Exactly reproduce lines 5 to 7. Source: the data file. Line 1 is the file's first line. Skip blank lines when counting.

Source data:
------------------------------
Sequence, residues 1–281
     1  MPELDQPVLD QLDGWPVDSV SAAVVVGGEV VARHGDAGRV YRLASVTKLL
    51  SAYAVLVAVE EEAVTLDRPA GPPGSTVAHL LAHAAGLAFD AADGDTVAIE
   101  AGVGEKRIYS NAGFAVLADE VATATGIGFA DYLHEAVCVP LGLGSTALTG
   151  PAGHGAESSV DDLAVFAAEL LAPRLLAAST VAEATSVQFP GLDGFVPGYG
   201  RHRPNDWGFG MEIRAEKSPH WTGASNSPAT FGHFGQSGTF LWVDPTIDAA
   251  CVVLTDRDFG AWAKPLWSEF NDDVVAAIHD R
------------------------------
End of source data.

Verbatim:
   151  PAGHGAESSV DDLAVFAAEL LAPRLLAAST VAEATSVQFP GLDGFVPGYG
   201  RHRPNDWGFG MEIRAEKSPH WTGASNSPAT FGHFGQSGTF LWVDPTIDAA
   251  CVVLTDRDFG AWAKPLWSEF NDDVVAAIHD R